Rising: Black – Palestinian Solidarity (Updated)

It’s no surprise that Black Americans and Palestinians would find common cause. Nonetheless, the solidarity is impressive.

David Palumbo-Yiu of Salon reports in Black activists send clear message to Palestinians: “Now is the time for Palestinian liberation, just as now is the time for our own in the United States”. First, the statement of Palestinians from last summer, upon Michael Brown’s death, in the middle of the Gaza massacre:

We the undersigned Palestinian individuals and groups express our solidarity with the family of Michael Brown, a young unarmed black man gunned down by police on August 9th in Ferguson, Missouri. We wish to express our support and solidarity with the people of Ferguson who have taken their struggle to the street, facing a militarized police occupation.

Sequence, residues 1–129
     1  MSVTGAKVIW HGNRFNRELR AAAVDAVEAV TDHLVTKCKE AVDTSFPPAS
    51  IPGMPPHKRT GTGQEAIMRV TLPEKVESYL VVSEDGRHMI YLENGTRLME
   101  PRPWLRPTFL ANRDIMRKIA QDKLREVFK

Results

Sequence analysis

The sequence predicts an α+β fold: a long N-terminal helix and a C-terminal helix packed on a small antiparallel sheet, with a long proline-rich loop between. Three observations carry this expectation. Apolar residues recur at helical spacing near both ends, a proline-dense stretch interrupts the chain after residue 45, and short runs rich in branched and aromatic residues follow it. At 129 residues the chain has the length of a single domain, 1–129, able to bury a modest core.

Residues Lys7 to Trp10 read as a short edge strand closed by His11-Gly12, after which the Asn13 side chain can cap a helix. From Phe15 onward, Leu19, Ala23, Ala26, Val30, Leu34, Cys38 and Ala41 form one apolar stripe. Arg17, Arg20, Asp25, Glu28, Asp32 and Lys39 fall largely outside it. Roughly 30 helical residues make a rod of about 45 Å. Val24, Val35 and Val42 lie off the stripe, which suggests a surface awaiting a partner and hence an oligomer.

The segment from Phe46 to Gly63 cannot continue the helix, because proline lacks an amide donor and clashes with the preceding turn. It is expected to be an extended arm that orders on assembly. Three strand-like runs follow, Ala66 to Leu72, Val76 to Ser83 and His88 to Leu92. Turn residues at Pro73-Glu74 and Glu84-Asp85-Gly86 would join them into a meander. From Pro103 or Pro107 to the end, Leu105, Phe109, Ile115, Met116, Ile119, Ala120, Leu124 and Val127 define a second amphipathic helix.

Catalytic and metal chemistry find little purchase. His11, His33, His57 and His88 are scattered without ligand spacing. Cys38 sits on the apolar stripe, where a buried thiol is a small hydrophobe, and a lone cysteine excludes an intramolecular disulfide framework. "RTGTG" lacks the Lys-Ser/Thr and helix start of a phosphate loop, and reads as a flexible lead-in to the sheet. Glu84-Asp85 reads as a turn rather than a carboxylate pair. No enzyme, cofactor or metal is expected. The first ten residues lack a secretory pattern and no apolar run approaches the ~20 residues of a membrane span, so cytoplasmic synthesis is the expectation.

From all factions and sectors of our dislocated society, we send you our commitment to stand with you in your hour of pain and time of struggle against the oppression that continues to target our black brothers and sisters in nearly every aspect of their lives.

We understand your moral outrage. We empathize with your hurt and anger. We understand the impulse to rebel against the infrastructure of a racist capitalist system that systematically pushes you to the margins of humanity.

And we stand with you.

Now, a statement released by more than 1,000 Black Americans expressing their unqualified support for the Palestinian cause: